The Old Pal Cocktail

Wes found this one on Robert’s site yesterday — I don’t know how I missed it — and decided that “what the world needs now is more rye cocktails.” Amen. This drink was fabulous.

The Old Pal

1 ounce rye whiskey.
3/4 ounce dry vermouth.
3/4 ounce Campari.

Stir the ingredients with cracked ice. Strain into a cocktail glass. Garnish with a curly twist of lemon.

Of course, I was not told what drink he’d be making, and I was not allowed to watch as he mixed. As we often do when we make new-to-us drinks, I had to guess what was in it. I successfully guessed the Campari (which was easy) and the rye, and cheated ’cause I saw him take the dry vermouth out of the fridge.

Unfortunately, as I was tasting and smelling the drink, I got my nose a little too close to the surface of the drink and ended up inadvertently snorting some of it. I do not recommend this technique for evaluating a cocktail.

The Lemony Snicket Cocktail

Another original creation of Dr. Cocktail, who recently talked bartender extraordinaire John Greer at Orleans Grapevine through its construction. Three of them were placed on the bar in front of us. Quaffing commenced … mmm, mighty tasty. It’ll kick your butt, too.

The cocktail is named in honor of Mr. Lemony Snicket, author of the wildly popular children’s book series entitled A Series of Unfortunate Events. Mr. Snicket would undoubtedly warn the unwary imbiber to stay away from such an unfortunately concoction at all costs, if he didn’t want something terrible to happen to him. (Perhaps it’s what did Beatrice in.) I rather like it, myself.

The Lemony Snicket Cocktail
(Unfortunately created by Ted Haigh, 2003)

2-1/2 ounces gin.
1/2 ounce fresh lemon juice.
1/2 ounce limoncello.
1/2 ounce yellow Chartreuse.

Combine all ingredients with cracked ice in a cocktail shaker. Shake vigorously, then strain into a frosted cocktail glass. Garnish with one stemless cherry.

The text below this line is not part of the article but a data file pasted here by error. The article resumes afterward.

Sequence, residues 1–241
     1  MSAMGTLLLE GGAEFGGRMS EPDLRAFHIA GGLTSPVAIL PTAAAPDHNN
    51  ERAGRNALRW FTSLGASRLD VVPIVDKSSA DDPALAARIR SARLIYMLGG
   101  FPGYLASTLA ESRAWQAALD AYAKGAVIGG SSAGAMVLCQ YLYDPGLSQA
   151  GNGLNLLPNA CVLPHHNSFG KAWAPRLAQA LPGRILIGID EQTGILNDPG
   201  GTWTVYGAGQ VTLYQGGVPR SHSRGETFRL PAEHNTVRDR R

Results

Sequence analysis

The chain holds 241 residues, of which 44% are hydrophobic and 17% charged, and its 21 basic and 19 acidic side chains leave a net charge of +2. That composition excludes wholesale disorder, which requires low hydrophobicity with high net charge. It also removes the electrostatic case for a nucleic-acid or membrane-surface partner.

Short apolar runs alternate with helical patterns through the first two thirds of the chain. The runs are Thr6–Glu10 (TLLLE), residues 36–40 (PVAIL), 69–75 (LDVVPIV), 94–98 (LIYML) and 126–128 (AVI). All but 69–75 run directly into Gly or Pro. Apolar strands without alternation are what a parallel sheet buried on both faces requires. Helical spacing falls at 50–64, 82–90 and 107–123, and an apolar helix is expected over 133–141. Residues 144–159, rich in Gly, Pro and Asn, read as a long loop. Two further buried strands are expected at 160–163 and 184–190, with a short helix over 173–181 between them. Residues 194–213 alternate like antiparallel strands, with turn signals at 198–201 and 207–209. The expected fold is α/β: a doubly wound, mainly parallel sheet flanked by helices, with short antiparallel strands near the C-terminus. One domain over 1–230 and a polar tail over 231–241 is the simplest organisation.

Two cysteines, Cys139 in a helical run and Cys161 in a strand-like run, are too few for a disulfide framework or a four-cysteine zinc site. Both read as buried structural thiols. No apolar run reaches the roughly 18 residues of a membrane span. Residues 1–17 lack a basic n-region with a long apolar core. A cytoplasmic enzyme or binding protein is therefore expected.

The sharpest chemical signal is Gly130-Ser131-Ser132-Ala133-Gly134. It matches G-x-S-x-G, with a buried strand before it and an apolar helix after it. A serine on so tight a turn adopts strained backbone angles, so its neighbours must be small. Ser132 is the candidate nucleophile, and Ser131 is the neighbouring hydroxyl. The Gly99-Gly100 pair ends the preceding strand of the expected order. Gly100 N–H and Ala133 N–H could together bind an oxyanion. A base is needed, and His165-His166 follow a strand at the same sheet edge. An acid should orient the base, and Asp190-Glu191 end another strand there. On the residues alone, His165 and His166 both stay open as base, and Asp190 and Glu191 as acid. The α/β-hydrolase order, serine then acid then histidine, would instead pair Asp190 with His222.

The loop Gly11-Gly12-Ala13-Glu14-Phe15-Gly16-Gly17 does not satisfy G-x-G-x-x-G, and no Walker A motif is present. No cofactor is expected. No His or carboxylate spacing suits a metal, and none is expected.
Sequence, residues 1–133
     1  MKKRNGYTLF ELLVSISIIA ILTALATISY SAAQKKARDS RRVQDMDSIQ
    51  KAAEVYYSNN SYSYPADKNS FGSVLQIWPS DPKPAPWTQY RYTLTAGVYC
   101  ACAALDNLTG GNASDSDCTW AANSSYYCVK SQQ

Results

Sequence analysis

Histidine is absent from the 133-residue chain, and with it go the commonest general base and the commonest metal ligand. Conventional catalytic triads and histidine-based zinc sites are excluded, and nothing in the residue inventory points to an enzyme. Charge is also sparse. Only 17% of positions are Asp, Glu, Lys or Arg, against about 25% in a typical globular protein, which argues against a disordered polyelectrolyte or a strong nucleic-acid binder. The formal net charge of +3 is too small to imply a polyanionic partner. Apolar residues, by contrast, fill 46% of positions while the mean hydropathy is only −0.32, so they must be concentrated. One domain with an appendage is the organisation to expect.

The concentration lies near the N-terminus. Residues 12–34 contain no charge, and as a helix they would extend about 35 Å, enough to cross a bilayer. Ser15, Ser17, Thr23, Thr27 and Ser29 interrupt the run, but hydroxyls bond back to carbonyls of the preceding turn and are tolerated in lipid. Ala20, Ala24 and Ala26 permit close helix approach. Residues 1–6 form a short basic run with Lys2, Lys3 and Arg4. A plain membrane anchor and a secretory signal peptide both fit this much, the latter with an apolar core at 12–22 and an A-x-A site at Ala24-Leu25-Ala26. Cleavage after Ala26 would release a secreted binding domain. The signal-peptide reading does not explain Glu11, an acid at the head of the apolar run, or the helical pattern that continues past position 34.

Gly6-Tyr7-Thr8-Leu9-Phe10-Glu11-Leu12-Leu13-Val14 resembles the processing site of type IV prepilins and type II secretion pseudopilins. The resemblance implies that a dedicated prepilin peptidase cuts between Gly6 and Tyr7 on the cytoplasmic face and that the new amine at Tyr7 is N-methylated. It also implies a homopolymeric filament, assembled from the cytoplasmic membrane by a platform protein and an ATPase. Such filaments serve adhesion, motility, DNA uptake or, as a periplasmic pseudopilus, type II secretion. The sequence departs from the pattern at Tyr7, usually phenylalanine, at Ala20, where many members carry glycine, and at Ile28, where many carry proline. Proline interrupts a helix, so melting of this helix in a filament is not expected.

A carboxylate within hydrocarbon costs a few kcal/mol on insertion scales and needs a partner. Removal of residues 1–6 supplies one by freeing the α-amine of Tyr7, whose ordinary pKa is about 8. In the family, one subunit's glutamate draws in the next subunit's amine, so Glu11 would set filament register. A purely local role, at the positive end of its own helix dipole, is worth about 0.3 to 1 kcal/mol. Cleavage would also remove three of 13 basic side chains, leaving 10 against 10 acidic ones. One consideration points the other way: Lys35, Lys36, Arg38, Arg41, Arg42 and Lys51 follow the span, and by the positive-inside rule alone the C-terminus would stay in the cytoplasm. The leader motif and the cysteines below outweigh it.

Unfortunately, it’s a rather cheery looking cocktail, not gloomy at all. Still, I doubt it’ll be cheery enough for Mr. Snicket, who should probably be offered a nice cup of tea instead.

Cocktail pairing idea: At the 2007 Spirited Dinner at Arnaud’s at Tales of the Cocktail in New Orleans, Ted and fellow bartender Chris Hannah (of Arnaud’s French 75 Bar) served this alongside an asparagus and brie soup.

 

The Herbsaint Cocktail

Herbsaint is not only New Orleans’ venerable (and inexpensive and damned tasty) pastis, or “absinthe substitute” as it’s often called, it’s also the name of one of the city’s finest restaurants, headed by Chef Donald Link, who co-owns the restaurant with Chef Susan Spicer of Bayona.

Herbsaint the liquor was a product of Marion Legendre’s liquor company for many years, appearing in 1933 as an absinthe substitute (“Herbsaint” being a play on words and a homonym of absinthe en français). Legendre was acquired by the Sazerac Company in 1948, who have been producing Herbsaint ever since.

The namesake restaurant has a pretty good cocktail list, and their eponymous house cocktail, based on Herbsaint liqueur, is mighty good too. Here’s how they make it:

The Herbsaint Cocktail
(House cocktail at Herbsaint Restaurant, New Orleans)

2 ounces Herbsaint.
1 teaspoon simple syrup.
4 dashes Angostura Bitters.
4 dashes Peychaud’s Bitters.

Fill an Old Fashioned glass with cracked ice and
build with the above ingredients. Top with water
and stir. (You may substitute Pernod for the Herbsaint
if it’s unavailable.)

UPDATE, August 8, 2008:

This week I got an email from a fellow by the name of Jay Hendrickson, who introduced me to his wonderful website called New Orleans Absinthe History, concentrating on Legendre products, including Herbsaint and original Legendre Absinthe, and other New Orleans absinthiana. He’s also got what appears to be a stunning collection, including vintage bottles of 1930s- and 1940s-era Herbsaint. (Wow.)

Jay was kind enough to send me a scan from an Herbsaint recipe booklet from circa 1944 showing the Legendre/Sazerac Co. recipe for their own Herbsaint Cocktail recipe, slightly different but sounding no less yummy. (The entire booket is viewable and downloadable here.)